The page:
5. 5. As well, RMT specializations may improve patient care and decrease health care costs. The future of health care, with its increasing costs, is likely to be more collaborative, and RMTs have a potential role to fill in an integrative system that attaches importance to wellness and prevention, as well as remedial care. In many instances, the needs of the patient exceed the capabilities and competencies of individual caregivers, particularly in situations that require the collaboration of various health care providers in a primary care team. Specialties for RMTs would target those patients who are likely to benefit most, on a cost-effective basis, from massage therapy. (8) Specialized knowledge together with intensive academic preparation are the hallmarks of a profession. Specialization in massage therapy practice would be a sign of maturity, and would brand massage therapy as a profession rather than an industry. Massage therapy needs to continue to evolve an overall clinical career structure in order to meet the needs of the profession within a dynamic health care environment. Massage Therapy will also grow as the profession realizes that specialization is a continuum that involves most RMTs at some level, and not a separate process for those who want to reach the highest levels of recognition. (11) Discussion and debate regarding specialization pathways are integral stages in developing options for the individual massage therapist, as well as for the profession as a whole. Purpose and Benefits of Specialization The main purpose of specialization is to develop a career structure that is easily understood inside and outside the profession; one that encompasses long-term professional growth and expertise. Specialist certification programs are established to provide formal recognition for practitioners with advanced clinical knowledge, experience, and skills in a special area of practice, and to assist consumers and the health care community, as well as legislative bodies, to identify these people. Another goal of specialization is improved patient care. RMTs are optimally positioned to provide primary contact neuromusculoskeletal health care services within the context of a collaborative practice model. As primary care practitioners (not requiring referrals from physicians) RMTs need to determine whether it is appropriate for the patient to receive massage therapy or be referred to other health care practitioners. This determination requires further development of assessment and diagnostic skills, reliable risk screening tools to aid decision-making, and the routine use of appropriate outcome measures. Increased autonomy of judgment and independent clinical decision-making brings a higher level of responsibility and accountability. Specialization can ensure the highest possible level of care for individuals seeking massage therapy services in any specialty area. (2) Vision of Specialization for RMTs by Harriet Hall, RMT, PDP Page 5 of 13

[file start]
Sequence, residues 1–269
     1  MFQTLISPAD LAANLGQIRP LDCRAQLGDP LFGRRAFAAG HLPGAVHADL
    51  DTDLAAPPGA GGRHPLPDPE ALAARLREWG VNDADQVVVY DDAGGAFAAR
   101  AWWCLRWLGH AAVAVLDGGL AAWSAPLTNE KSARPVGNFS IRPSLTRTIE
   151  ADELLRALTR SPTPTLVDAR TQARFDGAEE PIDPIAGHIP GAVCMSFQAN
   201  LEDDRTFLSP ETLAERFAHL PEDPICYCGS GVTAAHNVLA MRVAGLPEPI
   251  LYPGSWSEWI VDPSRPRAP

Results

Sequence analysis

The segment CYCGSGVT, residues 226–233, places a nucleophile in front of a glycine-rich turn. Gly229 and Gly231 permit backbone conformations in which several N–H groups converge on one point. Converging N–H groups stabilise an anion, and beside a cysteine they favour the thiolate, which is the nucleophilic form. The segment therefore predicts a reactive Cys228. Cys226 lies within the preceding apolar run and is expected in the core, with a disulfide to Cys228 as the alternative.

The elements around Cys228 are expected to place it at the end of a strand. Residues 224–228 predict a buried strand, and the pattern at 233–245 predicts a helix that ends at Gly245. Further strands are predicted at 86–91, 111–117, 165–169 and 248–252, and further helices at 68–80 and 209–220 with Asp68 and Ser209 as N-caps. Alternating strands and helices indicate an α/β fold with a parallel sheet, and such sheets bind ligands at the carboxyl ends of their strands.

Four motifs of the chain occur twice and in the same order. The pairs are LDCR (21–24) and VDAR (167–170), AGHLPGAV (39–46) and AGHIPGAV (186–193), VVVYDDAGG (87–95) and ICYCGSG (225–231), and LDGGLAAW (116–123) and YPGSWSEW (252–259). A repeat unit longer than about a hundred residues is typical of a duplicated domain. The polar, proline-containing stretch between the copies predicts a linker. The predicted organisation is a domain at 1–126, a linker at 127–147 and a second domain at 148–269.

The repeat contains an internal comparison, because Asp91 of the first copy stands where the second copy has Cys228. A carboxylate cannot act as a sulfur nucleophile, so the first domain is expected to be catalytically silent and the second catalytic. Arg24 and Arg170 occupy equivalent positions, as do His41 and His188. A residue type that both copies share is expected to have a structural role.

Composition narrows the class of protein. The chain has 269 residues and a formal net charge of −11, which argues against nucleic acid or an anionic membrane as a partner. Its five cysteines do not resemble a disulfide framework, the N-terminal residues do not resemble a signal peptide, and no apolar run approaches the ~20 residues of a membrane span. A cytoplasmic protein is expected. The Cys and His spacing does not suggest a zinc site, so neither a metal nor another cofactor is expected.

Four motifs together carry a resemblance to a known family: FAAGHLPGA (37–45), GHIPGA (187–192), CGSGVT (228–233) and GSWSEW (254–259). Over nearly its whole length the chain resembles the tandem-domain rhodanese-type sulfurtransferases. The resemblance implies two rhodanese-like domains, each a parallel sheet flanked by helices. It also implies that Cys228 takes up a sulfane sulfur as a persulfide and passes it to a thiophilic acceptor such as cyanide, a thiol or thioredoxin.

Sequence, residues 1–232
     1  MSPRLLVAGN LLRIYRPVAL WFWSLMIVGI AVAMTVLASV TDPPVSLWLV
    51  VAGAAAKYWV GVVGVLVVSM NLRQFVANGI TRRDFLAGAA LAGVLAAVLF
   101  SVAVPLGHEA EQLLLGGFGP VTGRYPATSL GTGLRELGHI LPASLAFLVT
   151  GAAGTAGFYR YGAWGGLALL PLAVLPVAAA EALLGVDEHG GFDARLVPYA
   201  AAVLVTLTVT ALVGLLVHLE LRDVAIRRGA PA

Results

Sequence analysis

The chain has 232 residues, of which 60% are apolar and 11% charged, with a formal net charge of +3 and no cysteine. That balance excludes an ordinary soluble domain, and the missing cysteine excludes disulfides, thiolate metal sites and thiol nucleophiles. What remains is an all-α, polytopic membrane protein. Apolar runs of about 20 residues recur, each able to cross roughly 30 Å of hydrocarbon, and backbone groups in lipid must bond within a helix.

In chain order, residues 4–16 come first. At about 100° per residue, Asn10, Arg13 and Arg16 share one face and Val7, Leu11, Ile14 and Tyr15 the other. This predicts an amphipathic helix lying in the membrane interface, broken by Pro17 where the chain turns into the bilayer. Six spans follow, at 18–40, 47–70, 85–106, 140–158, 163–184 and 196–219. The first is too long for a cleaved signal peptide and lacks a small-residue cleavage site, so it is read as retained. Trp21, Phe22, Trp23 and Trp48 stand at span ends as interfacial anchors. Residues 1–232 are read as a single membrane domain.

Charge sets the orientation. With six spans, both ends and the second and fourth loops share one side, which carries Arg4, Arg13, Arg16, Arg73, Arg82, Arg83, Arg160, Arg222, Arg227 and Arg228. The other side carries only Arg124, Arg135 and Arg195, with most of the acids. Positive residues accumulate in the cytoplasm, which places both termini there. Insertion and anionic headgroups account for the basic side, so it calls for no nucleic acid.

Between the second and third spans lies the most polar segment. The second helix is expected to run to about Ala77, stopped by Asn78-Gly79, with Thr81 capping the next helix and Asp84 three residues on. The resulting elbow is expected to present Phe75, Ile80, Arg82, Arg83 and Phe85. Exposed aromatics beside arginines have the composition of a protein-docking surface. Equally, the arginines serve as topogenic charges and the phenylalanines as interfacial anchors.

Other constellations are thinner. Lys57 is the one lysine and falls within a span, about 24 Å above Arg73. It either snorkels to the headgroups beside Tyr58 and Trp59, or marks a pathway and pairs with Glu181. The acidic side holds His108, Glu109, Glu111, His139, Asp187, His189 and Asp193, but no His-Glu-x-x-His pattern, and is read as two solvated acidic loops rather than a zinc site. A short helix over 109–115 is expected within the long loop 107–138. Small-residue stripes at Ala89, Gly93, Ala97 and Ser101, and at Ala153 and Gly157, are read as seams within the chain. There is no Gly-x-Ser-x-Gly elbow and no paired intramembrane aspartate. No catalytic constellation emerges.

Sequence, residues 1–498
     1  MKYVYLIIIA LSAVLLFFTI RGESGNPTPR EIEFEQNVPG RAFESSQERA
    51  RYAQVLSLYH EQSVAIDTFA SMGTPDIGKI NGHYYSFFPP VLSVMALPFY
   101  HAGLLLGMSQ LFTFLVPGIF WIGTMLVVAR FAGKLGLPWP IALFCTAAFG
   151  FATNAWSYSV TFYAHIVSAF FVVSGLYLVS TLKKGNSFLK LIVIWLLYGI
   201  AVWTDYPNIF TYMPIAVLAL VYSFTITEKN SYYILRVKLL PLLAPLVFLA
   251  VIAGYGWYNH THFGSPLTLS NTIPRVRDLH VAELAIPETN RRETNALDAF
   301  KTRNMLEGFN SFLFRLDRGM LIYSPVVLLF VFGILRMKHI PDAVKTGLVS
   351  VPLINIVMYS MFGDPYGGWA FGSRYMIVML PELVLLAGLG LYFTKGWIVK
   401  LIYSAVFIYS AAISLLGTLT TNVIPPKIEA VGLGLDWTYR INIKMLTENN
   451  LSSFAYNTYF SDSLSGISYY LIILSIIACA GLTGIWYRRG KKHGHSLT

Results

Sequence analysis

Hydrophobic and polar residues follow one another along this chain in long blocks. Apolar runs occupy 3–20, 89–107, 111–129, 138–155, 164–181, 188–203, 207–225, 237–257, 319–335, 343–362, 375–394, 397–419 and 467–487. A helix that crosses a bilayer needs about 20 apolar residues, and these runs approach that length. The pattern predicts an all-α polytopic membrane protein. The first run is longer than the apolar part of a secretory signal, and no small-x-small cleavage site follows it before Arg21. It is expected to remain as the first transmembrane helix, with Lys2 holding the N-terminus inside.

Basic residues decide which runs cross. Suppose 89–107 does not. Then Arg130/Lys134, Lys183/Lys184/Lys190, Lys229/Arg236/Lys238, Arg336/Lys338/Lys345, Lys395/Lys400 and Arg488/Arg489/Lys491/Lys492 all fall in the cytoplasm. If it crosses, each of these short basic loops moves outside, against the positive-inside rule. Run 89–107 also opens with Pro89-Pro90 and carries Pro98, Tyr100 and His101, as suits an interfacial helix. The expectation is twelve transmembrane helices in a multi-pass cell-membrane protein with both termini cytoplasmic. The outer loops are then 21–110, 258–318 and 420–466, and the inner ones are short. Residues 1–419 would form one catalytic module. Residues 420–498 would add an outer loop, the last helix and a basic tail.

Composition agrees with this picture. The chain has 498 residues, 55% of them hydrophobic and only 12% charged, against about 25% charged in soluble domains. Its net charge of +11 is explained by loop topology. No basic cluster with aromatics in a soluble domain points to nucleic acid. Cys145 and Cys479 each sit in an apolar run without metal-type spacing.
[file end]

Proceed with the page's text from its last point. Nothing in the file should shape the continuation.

6. 6. There are other intentional and indirect benefits of specialization. These include: -Analyses and evaluation of the profession -Identification and development of appropriate areas of specialty practice -Promotion and development of the science and the art underlying each specialty area of practice. - Promotion of research and the development of new ideas, thus continuing the evolution of the profession. -Promotion of greater expertise and intelligent use of evidence based medicine, leading to greater professional recognition. -A reliable and valid method for certification and recertification of individuals who have attained an advanced level of knowledge and skill in each specialty area. -Provision of a resource in specialty practice for the massage therapy profession, and the health care community. -Improvement in career prospects for RMTs Process for Specialization Processes followed by HCPs were reviewed. The process for the medical system is very thorough. The following steps for specialization are followed by the medical profession and can be adapted for registered massage therapists. The identification of core competencies of a specialty is the first step of the process. In medicine, core competencies are developed through detailed reviews of the medical literature combined with review by recognized experts from established medical specialties, experts within the new area of specialization and experts from outside the medical profession. This list of core knowledge and skills is then compiled into a draft Core Competency Document. Once the Core Competency Document is drafted, the certifying organization and its associated professional academy, college or society review the document against the existing literature and again solicit expert opinion regarding the Domains of Competence and Areas of Competency contained in the document. The Core Competencies are next formatted using a psychometric taxonomy (such as Blooms Taxonomy) based on the core competencies required by therapists practicing in the area of specialization as non- specialists and as specialists or sub-specialists. Development of the first Core Competency Document takes five to ten years and is a prerequisite to creating the Certification Examination. (12) The specialization documents for the national and international Primary Health Care Professional Bodies that govern Chiropractors, Nurses, Physicians and Physiotherapists were reviewed. Also examined were the specialization processes used by Architecture, Engineering and Music Therapists. All the groups went through a lengthy process of Vision of Specialization for RMTs by Harriet Hall, RMT, PDP Page 6 of 13